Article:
Psycho-Babble Medication | about biological treatments | Framed
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I am reposting something I wrote to Linkadge.

Posted by SLS on July 9, 2021, at 22:21:03

> Yeah, I could never get that high on venlafaxine. I found 75mg very hard to tolerate. Interestingly, I found nortriptyline helpful too. Unfortunately, I stopped it (for some stupid reason and relapsed).

I am SO sorry, Linkadge. You couldn't have known.

So many psychiatrists still adhere to a protocol of a time-limited course of antidepressant therapy. Some psychiatrists change someone's treatment regime on the patient's very first visit, even if they are doing well. I'm not sure that adhering to a "school of thought" is always in the patient's best interests. Both diagnosis and treatment need to be flexible in mental illness. The brain is just too complex to be treated by a monolithic school of thought. "Life charting" sometimes finds a pattern.

A friend of mine who suffered from chronic depression for years finally achieved remission and remained well for about 8 years. The only drug she was taking was lithium. When she moved from North Carolina to California, she found a local psychiatrist. The first thing he said was that she was on lithium long enough and that he wanted her to discontinue it. She did. Three weeks later, she relapsed. When the lithium was restarted, it didn't work at all. It couldn't "recapture" the antidepressant response. She descended into a severe and treatment resistant depression that has lasted for 32 years so far. My guess is that she has a bipolar diathesis, despite her unipolar presentation. Some diagnostic models include depression-only as a subtype of bipolar disorder. With all of the focus and advertisements for Latuda to treat bipolar depression, they never mention mania. I wonder just how common depression-only bipolar disorder really is - where not a single manic episode has occurred.

My presentation is of a chronic severe (treatment-resistant) depression with no history of spontaneous mania. However, I have been severely delusionally and/or psychotically manic as a reaction to taking medication on a handful of occasions. All of them were in association with an MAOI - both Parnate and Nardil. This presentation is described in the DSM-5 as being bipolar with drug-induced mania as a qualifier.

Right now, I'm having trouble maintaining an optimal antidepressant response to Nardil at any one dosage. I might be forced to take 90 mg/day on most days with taking 105 mg/day twice a week. My doctor has another patient that did this with. I have never read nor heard anything indicating that there was a dosage window for Nardil as there is for nortriptyline. I actually lose a qualitatively robust response when I remain at 105 mg/day for longer than 5 consecutive days. Overall, my conscious experience is dramatically different in some ways and very familiar in others. It has changed my life. It is now fun to participate with others and be in control in almost all situations. I don't really have that many years left at this point. I know 61 sounds young by modern standards, but my adolescence and adulthood were stolen from me. They didn't exist but for both pain and numbness every waking moment. Your stories are probably not much different.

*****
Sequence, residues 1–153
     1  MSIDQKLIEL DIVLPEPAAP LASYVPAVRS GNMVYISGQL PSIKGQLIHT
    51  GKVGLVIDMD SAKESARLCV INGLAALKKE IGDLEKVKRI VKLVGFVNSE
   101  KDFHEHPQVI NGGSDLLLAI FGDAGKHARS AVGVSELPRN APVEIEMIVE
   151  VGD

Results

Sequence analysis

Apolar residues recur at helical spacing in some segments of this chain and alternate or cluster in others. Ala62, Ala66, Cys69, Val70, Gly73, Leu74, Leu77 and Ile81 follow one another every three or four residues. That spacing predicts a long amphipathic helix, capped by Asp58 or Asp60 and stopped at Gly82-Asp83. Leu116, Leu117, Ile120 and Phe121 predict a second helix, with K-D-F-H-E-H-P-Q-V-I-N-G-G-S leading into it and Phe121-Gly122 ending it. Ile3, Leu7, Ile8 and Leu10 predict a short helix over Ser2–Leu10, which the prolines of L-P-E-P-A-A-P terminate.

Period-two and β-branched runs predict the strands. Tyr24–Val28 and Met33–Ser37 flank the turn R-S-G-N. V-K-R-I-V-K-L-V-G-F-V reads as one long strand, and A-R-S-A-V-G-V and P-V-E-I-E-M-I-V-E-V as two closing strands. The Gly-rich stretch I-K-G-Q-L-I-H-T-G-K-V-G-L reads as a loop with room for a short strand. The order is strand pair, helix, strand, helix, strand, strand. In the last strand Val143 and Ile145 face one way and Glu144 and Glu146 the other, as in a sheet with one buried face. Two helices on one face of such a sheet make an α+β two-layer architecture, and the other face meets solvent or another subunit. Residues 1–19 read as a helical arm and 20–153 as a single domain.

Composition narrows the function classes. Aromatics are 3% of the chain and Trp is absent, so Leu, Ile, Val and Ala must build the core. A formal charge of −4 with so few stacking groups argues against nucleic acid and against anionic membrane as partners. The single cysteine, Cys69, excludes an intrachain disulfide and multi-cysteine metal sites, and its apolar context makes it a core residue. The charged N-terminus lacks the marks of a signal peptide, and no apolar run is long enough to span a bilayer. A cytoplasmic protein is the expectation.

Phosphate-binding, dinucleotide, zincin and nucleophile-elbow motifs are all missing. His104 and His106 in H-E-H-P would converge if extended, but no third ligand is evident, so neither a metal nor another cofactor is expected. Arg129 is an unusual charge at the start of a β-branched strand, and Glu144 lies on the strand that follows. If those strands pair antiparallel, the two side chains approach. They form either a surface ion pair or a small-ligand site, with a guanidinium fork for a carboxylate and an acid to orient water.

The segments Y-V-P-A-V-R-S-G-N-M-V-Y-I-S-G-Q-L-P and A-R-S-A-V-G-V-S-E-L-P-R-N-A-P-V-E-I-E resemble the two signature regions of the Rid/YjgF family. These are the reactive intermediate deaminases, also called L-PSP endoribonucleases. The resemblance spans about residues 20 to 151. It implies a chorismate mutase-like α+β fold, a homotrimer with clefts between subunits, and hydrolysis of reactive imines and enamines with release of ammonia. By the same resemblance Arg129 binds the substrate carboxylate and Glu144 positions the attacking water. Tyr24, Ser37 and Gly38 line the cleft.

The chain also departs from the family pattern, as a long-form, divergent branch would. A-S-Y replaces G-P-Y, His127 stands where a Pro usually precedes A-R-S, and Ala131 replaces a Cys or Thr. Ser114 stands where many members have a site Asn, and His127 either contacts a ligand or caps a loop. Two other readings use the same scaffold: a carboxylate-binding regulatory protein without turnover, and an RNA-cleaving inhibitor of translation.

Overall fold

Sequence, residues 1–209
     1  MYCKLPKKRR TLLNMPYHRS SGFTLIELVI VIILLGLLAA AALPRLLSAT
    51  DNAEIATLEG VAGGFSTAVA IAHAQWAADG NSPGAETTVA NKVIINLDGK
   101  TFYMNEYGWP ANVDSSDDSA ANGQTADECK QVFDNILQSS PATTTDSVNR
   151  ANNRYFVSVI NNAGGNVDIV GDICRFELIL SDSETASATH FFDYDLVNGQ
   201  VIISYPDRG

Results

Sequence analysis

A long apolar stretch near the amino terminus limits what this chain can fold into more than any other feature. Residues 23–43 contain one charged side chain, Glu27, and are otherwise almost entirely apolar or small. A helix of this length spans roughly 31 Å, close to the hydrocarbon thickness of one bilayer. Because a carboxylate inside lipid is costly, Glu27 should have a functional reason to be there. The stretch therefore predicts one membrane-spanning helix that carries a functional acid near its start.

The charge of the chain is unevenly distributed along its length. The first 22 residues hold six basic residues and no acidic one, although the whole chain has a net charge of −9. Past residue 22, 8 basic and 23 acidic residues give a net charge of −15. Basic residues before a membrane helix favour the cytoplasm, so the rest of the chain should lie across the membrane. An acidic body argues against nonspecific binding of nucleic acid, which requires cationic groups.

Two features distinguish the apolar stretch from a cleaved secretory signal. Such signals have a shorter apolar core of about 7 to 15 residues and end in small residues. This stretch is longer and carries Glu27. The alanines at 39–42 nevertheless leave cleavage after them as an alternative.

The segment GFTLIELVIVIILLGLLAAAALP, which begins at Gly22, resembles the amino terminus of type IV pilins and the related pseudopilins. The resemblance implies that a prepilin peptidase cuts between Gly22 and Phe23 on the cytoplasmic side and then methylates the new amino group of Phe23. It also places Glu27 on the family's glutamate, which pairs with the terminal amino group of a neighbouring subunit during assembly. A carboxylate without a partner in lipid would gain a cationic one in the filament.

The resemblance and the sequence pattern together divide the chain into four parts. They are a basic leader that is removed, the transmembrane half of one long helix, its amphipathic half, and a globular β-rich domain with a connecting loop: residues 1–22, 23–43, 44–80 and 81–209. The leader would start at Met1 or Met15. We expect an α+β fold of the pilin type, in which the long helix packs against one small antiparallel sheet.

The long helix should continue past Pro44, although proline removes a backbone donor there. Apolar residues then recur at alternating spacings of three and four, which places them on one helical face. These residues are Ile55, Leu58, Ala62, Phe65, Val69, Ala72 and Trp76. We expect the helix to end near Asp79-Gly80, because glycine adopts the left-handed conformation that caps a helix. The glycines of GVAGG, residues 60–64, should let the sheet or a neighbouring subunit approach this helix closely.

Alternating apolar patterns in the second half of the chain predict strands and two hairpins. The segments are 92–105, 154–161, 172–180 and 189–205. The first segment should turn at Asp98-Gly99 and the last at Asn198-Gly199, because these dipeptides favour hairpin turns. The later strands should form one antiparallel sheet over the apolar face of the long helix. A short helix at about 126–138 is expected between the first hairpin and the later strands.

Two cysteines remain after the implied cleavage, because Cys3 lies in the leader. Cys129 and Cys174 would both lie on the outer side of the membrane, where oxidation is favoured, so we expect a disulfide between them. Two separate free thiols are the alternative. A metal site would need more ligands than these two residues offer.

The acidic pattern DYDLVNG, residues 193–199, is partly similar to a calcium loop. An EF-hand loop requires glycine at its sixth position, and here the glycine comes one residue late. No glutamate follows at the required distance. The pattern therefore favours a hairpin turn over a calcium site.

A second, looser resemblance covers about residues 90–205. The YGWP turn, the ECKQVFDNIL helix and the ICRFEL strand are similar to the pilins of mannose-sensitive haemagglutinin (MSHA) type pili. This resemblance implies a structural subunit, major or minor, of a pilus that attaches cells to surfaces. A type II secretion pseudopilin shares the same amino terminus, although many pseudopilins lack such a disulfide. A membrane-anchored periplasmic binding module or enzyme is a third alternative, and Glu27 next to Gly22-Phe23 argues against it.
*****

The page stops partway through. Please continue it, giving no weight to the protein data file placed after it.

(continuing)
At age 61, I am absolutely blessed to be able to spend any time at all in my life experiencing a normal human state of conscious. For some reason, no one uses the phrase "an altered state of consciousness" to describe mental illness. I have for quite awhile. My doctor hasn't warmed up to the idea yet. I have become adamant in my use of this phrase. It adds a realness to how the mentally ill experience existence. Being intoxicated with alcohol is a purposeful alteration in one's state of consciousness. It is manifestly true. The strategic use of words can help mitigate stigma and promote understanding.

Does anyone else find the phrase "altered state of consciousness" to be an accurate characterization of their illness?

I think I can now live out my years with intellectual and emotional exploration, adventure, and lots of sex. However, this does not come without a sense of guilt. I wish I could take you all along with me.

- Scott

Some see things as they are and ask why.
I dream of things that never were and ask why not.

The only thing necessary for the triumph of evil is that good men do nothing.




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